Fly Honeysuckle: My Earliest-Blooming Native Shrub

– Posted in: Native/Invasive, What's up/blooming
8 comments

It still surprises me every time I see this shrub blooming. The bloodroots are waning and the trout lilies are gearing up. At best, the forest trees have tiny pinpricks of yellow, green, or red along their branches, a hint of the leaves to come. It’s early spring. But as I walk down the path to the creek, fly honeysuckle (Lonicera canadensis) is leafed out and shyly blooming.

It looks like it’s struggling to survive.

Unlike its invasive non-native cousins, fly honeysuckle never seems very vigorous. In the few reference books where I find it listed, this shrub is always described as scraggly or scrawny. I used to think the ones I found in my woods were struggling to survive, but maybe that’s just the way they are.

All shrub honeysuckles–including the invasive ones–have opposite leaves and paired berries, but there is an easy way to figure out if it’s fly honeysuckle.

fly honeysuckle ciliate foliage

The leaves have little hairs along the edges. If you can’t see them, click on the photo to enlarge it.

Another clue is that the alien honeysuckles are just starting to leaf out and are nowhere near flowering yet.

Fly honeysuckle likes cool forests, especially near stream banks and ledges. And no, I don’t know why it’s called fly honeysuckle. According to the WildSeed Project, clearwing moths and mellitophilous bees visit the flowers. The Lady Bird Johnson Wildflower Center credits hummingbirds, butterflies, and bumblebees with visiting the flowers. No one mentions flies.

A lot of different birds love the berries, according to the Brooklyn Botanic Garden: Ruffed Grouse, American Robin, Gray-cheeked Thrush, Swainson’s Thrush, Gray Catbird, Cedar Waxwing, Cardinal, Purple Finch, Goldfinch, White-throated Sparrow, Mockingbird and others.

fly honeysuckle flowers

The flowers are delicately tinged with lilac and open a few at a time.

There’s not a lot of them on any one shrub, and their subtle beauty is easily overlooked.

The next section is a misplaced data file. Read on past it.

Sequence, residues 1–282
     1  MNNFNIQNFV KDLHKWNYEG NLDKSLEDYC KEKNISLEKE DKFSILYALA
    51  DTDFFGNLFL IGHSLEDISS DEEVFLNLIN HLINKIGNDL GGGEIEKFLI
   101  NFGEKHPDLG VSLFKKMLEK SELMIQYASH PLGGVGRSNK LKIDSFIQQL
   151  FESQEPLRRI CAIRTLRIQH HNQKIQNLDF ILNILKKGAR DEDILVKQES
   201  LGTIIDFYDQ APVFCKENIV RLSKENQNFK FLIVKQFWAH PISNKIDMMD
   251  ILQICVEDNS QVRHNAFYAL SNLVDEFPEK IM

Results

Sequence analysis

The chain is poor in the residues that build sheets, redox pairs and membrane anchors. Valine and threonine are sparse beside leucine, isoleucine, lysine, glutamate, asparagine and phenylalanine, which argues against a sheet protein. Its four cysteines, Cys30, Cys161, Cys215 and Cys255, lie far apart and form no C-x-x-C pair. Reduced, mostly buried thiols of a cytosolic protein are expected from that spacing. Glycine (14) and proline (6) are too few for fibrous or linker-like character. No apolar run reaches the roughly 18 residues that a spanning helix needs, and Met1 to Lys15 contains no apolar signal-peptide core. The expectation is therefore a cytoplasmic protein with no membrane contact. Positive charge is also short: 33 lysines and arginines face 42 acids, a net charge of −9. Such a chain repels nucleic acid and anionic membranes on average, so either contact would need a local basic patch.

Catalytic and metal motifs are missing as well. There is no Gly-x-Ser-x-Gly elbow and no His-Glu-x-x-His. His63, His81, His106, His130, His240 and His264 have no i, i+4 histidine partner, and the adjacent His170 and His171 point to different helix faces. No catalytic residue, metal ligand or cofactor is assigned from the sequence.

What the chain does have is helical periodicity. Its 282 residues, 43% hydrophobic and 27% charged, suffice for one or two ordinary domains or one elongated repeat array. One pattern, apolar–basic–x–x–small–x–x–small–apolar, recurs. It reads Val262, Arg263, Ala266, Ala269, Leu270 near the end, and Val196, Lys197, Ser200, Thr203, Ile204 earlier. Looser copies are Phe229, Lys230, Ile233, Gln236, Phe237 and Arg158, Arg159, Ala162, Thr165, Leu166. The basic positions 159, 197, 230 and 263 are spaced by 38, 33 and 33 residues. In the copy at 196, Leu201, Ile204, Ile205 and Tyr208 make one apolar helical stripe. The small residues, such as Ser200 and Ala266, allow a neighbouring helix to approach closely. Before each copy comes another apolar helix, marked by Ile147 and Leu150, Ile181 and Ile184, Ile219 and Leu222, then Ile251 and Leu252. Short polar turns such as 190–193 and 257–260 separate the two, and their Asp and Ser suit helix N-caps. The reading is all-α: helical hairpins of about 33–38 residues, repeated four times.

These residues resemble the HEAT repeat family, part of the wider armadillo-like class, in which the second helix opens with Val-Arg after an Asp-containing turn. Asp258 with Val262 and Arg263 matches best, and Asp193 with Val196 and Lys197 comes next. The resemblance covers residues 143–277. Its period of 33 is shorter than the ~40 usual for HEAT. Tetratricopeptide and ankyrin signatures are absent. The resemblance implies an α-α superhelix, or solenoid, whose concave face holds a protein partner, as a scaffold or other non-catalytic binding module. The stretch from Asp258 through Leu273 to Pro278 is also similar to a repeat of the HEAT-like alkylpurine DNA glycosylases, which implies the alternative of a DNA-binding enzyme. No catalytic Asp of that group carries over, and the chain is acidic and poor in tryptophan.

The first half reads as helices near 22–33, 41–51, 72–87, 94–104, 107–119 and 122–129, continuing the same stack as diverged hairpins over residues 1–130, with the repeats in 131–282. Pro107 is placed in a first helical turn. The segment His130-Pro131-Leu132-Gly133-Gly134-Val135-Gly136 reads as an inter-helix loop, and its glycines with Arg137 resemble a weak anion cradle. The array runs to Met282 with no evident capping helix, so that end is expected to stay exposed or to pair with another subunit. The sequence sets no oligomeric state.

There’s nothing about this shrub that knocks your socks off, and yet, every time I come across it I feel like I’ve discovered a treasure. It’s a humble plant, dismissed by reference works and field guides, but perhaps its modest nature is what appeals to me.

About the Author

Kathy Purdy is a colchicum evangelist, converting unsuspecting gardeners into colchicophiles. She would be delighted to speak to your group about colchicums or other gardening topics. Kathy’s been writing since 4th grade, gardening since high school, and blogging since 2002.

In its own way, frost may be one of the most beautiful things to happen in your garden all year . . . Don’t miss it. Like all true beauty, it is fleeting. It will grace your garden for but a short while this morning. . . . For this moment, embrace frost as the beautiful gift that it is.

~Philip Harnden in A Gardener’s Guide to Frost: Outwit the Weather and Extend the Spring and Fall Seasons

Comments on this entry are closed.

Debbie Hall May 4, 2019, 10:16 am

Interesting article, excellent writing skills!

Diane O'Connell April 27, 2019, 5:12 pm

Hi – I came across your site thinking it must be UK based, so I was surprised to see that you were across the pond! I am sure we have similar climates so I look forward to reading more. Your photos are very inspiring, I am within easy reach of many forests and woods in the centre of England.

marie April 27, 2019, 2:50 pm

Wow! You are so lucky — nothing here blooming yet, up high in the chilly Southern Tier of NYS. Bloodroot is starting to emerge, so others should be coming soon.

Kathy Purdy April 27, 2019, 4:22 pm

I also consider myself in the Southern Tier (Chenango County), so you must be in one of the coldest spots in our area, if you’re even behind me. Yes, once you see the bloodroot, others follow in quick succession.

Frank April 27, 2019, 6:17 am

You’re fortunate to have a woods to wander in and come across these surprises. I believe I would have just passed this by, and I know I’d have never noticed those fascinating little hairs on the leaves!

Kathy Purdy April 27, 2019, 4:20 pm

I didn’t notice the hairs, either. I read about them in several sources and when I zoomed in on my photos, there they were!

commonweeder April 26, 2019, 4:25 pm

It is such an interesting plant. I am also fascinated by your enlargement technique!

Kathy Purdy April 26, 2019, 5:21 pm

The enlargement technique is built into WordPress. Glad you liked my plant profile.